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  New Orleans Travel Tale

by Lorry Patton ...

new_orleans_building_corner2.jpg If the whole world's a stage, then New Orleans must be front and center. And forgetting that it's standing room only during the Mardi Gras, the Jazz Festival and the Sugar Bowl Classic, the actors play to a full house every night.

The most adored set is the French Quarter -- circa late 1700's -- 90 square blocks of brick walls and slanted iron- wrought galleries, strings of plastic beads and pots of flowers, fruits and vegetables, garbage, 24-hour beer stands, jazz bars, sex shops, traffic, the St. Louis Cathedral, antique treasures, cheap junk, Jackson Square, sidewalk art, Voodoo dolls ( complete with recipe for love or revenge ), and T-shirts.


new_orleans_photoshop2.jpg Extras are hot dog vendors with a I've-been-standing-on-this-corner-all-my-life-look, clip-clopping horses with a I- could-do-this-route-with-my-eyes-closed-look; busloads, boatloads and wagon loads of tourists with a I've-never-seen- anything-like-this-before-look; hawkers with a oo-la-la-come-and-see-what-we-have-inside-our-parlour-look; and cats and dogs with blank stares.


new_orleans_band_girll2.jpg The stars are the street performers: Musical trios singing to the rhythm of a washboard, clever mimes twisting and turning to the clap of a hand, and gangs of boys tap-dancing to the beat of a dishpan -- a few blowing soul-stirring, toe- tapping, dixieland jazz. One lad, about eight years old, blew his horn with such confidence and pizzazz, the dollars literally flew into the cardboard box resting at his feet.

Costumes are bizarre from head to toe -- feathered caps, dunce caps, cutoffs, bell bottoms, construction boots, slippers and ratty Adidas soled with taps.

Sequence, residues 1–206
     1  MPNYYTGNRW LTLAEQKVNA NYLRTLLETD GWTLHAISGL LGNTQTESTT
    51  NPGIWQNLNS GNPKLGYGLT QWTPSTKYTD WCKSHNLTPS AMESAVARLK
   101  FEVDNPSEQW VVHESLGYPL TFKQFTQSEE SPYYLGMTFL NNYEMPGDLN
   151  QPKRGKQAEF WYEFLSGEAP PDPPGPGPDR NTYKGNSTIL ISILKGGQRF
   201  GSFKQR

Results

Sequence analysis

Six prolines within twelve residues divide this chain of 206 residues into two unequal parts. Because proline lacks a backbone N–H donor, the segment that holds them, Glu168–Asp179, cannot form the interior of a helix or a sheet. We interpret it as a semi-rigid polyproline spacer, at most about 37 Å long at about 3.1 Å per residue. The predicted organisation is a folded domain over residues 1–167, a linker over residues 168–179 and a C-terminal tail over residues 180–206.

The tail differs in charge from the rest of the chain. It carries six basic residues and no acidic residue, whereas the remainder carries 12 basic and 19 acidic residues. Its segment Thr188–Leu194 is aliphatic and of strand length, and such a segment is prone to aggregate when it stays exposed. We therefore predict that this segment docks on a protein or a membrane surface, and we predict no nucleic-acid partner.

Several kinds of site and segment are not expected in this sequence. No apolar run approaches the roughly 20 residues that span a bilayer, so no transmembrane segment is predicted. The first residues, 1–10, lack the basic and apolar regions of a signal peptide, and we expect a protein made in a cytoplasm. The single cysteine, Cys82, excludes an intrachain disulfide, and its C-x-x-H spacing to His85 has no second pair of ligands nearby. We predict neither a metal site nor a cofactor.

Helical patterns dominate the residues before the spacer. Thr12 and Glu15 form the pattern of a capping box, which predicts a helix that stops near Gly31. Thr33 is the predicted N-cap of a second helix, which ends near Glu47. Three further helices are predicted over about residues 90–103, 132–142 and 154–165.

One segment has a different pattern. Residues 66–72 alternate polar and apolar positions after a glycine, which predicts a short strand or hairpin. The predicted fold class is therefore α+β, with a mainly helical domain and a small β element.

Makeup is bizarre, too.


new_orleans_cathedral_stlouis3b.jpg " Are you a real statue? " asked the freckle-faced tot of a cement Adonis poised on a pedestal. Adonis winked in response.

Food holds a solid supporting role in New Orleans. An aromatic smell of gumbos, Creoles, jambalayas, praline, and those famous sugar-dipped French beignets, tickles and teases your nostrils constantly.

Forget the diets! I ate a heaping plateful of beignets -- the small puffy square doughnuts without the hole -- at the equally famous ( serving them since 1860 ) Cafe du Monde, not once but twice. Of course, it's ... ah ... it's part of my job, right?

Background music floats through the air like a wispy cloud or clashes of thunder. Sweet gospel, raunchy sing-a-longs, and soulful blues, pierce your ear drums and your heart. True, many jazz joints in the French Quarter have gone the way of the more profitable T-shirt shops; however, a few diehards remain, like Lulu White's Mahogany Hall. Once part of infamous red light district, today's respectable Mahogany Hall is on Bourbon Street and its turn-of-the-century setting of brick walls, molded tin ceiling and rich mahogany wood makes it 'the place' with the film industry. All they need is the smoke and it's 1897.

Backdrop is different at every angle. On one side skyscrapers of a modern city and one of America's largest ports, with opulent hotels, modern shopping malls, the SuperDome and an expansive marina complex. On another side, centuries- old Greek and Italian homes of today's politicians and affluent New Orleanians. Still another side, 200-year old plantations, the bayou, and alligators lurking in the swamps awaiting Captain Jim and his bag of marshmallows.

On the sidelines, the mighty Mississippi -- its tremendous current churning up the river bottom giving it a muddy look - - carries the paddle wheelers, Cotton Blossom, Natchez and Bayou Jean Lafitte, much like it did in the era of Tom Sawyer and Huckleberry Finn.

Back on center stage the scene is one of pure madness. Everybody's wearing masks. Everybody's dancing and singing and plain acting silly. Fancy double-decker floats carrying trinket-tossing costumed revelers weave through the throngs all day. Even the horses are strutting their stuff. Prancing to beat the band. This must be Mardi Gras! The wildest and craziest parade in the world. The audience loves it. They scoop up the showering baubles, put on masks and join in the fun.

By the time the curtain rolls down, it's hard to distinguish who is who.


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